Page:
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Scooby-Doo!: Unmasked

1 rating: 2.0
Action and Adventure video game by THQ for the Xbox

Ruh-roh! Fred's cousin Jed is nowhere to be found! His animatronic monsters have gone haywire and are attacking everyone in sight! It's up to Scooby-Doo and Mystery Inc. to stop the creepy costumed creatures unmask the mystery and find Jed before its … see full wiki

Release Date: September, 2005
1 review about Scooby-Doo!: Unmasked

Scooby Doo: Unmasked! - If it hadn't been for those pesky kids....

  • Mar 1, 2006
Rating:
+2
Pros: Fun for the kids, Scooby gets to change costume and abilities

Cons: Relatively short, camera issues

The Bottom Line: A fun game for kids that remains faithful to the cartoon. Adults and older kids will bore quickly, but it's fun diversion for the younger set.

The old Scooby Doo cartoons have lived on inexplicably for many years. Kids love the exact same episodes I grew up with. But the recent movies have missed something, that innocent spark that was a part of the cartoons. So does Scooby Doo: Unmasked! suffer from the same mediocrity or does it capture the magic? Read on, dear reader....

•• Story ••
Fred's brother Jed runs a magic and special effects studio for the movies. But we learn early on that Jed has disappeared and a magic dragon may or may not be at the heart of the mystery. Throw in some Chinese stereotypical villains, lots of clues and you have a classic Scooby Doo episode: simple and predictable. But since the story is in the same classic vein as the cartoons, the story works on a kid's level.

•• Gameplay ••
Scooby Doo: Unmasked! is a classic platform game. For those unfamiliar, this game has you controlling Scooby Doo as he jumps on ledges, pulls switches, climbs things and battles bad guys with a highly simplistic battle system. System is a bit of an exaggeration, since Scooby's main battle control is hitting the B button. He'll battle monsters, rats and spiders as well as use this butt-spin attack to smash boxes and barrels. Not exactly deep, but fun for the kids.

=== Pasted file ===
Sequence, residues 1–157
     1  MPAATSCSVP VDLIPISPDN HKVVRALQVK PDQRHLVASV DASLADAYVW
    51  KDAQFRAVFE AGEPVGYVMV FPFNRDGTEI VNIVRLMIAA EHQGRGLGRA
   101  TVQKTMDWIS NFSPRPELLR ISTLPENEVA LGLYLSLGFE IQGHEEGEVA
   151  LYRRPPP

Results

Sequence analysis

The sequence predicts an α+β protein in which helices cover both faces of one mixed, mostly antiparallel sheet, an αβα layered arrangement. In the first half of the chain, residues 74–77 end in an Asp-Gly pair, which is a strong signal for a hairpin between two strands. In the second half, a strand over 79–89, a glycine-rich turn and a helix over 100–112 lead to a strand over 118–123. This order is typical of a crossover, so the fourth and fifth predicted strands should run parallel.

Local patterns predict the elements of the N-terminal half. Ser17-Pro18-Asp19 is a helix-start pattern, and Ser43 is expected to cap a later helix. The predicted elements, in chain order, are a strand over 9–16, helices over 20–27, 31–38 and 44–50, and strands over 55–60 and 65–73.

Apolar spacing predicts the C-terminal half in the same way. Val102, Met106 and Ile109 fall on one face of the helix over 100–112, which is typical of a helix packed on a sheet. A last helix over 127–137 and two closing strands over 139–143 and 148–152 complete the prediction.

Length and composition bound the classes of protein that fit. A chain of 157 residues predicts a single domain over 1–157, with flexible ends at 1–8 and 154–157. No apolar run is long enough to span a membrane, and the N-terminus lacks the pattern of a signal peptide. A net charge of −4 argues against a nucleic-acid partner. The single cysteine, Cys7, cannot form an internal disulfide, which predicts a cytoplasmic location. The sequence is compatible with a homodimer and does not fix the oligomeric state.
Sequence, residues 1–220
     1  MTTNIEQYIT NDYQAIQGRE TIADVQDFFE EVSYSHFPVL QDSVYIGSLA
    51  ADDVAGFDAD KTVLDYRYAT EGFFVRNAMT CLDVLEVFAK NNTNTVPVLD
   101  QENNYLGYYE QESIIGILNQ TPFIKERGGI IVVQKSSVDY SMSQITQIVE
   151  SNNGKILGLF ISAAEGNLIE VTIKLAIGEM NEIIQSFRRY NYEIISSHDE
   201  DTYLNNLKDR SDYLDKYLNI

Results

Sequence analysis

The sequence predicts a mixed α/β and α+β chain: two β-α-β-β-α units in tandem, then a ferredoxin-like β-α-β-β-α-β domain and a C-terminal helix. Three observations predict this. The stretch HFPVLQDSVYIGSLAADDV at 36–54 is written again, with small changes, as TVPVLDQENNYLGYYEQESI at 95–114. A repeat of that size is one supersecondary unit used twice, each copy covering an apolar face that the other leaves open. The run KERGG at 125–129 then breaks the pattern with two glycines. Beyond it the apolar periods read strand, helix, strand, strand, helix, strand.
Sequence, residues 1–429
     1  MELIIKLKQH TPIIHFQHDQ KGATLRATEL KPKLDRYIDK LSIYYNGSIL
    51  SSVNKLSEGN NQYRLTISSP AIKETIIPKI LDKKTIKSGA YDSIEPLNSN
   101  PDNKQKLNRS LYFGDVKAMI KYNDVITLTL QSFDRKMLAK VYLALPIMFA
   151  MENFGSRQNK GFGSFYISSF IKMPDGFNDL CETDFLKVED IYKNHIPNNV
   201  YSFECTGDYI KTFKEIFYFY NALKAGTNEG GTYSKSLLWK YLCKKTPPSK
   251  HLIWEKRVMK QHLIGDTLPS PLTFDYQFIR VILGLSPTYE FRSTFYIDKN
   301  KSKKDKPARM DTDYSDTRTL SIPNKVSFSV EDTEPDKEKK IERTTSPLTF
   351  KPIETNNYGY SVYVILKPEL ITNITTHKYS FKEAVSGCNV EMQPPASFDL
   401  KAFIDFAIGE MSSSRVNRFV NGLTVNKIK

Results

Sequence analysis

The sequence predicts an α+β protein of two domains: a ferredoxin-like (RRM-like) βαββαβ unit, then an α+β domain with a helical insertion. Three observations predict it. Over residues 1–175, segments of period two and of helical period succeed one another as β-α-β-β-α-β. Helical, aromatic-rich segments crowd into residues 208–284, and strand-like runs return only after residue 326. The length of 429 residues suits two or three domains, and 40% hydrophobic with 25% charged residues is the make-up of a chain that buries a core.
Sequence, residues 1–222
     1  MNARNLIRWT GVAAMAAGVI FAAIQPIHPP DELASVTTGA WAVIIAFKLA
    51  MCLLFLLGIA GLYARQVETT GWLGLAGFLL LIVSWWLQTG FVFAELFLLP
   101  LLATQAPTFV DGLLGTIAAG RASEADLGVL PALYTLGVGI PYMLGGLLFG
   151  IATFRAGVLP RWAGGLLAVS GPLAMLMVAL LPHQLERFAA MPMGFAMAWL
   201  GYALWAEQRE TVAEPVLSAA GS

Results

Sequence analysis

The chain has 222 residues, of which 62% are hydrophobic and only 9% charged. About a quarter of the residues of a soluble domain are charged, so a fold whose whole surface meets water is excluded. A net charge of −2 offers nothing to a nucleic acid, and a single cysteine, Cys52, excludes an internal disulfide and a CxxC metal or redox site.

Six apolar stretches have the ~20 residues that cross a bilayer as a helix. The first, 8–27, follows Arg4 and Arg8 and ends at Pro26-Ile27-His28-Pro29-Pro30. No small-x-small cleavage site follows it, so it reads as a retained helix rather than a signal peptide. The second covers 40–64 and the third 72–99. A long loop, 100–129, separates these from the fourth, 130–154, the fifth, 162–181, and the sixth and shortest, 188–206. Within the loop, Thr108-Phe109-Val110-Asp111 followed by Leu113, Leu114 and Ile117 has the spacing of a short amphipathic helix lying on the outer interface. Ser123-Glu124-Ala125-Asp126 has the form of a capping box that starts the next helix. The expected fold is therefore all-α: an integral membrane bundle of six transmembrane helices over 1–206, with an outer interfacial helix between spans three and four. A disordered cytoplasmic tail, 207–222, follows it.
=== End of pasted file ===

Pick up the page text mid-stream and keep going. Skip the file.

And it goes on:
On the subject of controls, a major annoyance was the inability to switch the Y axis of the camera control. In other words, press left on the thumbstick and the camera swings right. To me and my son, this is backward. Given that my son is not very good at games anyway, he got very frustrated trying to control a camera that was backwards to him. If there was a setting in the options to change it, I couldn't find it.
As well, the camera suffers from typical platformers that lack polish, the camera gets into some funky angles if Scoob does non-standard things such as move into a corner.

One of the things I did like was the trail of scooby snacks. Whenever a new objective appeared, a new trail of scooby snacks would show for our canine friend to gobble up. As well, there is this substance called "Mubber" which is used for making costumes. Collecting mubber leads to a mini-game which is repeated throughout the game with some variation. Also on the collection front, you can collect pieces of food to give to Shaggy to make a sandwich and other types of edibles. None of these really advance the story and most amount to basically eye candy for the player. This is OK, though. My son was ecstatic to collect all the things to make a sandwich.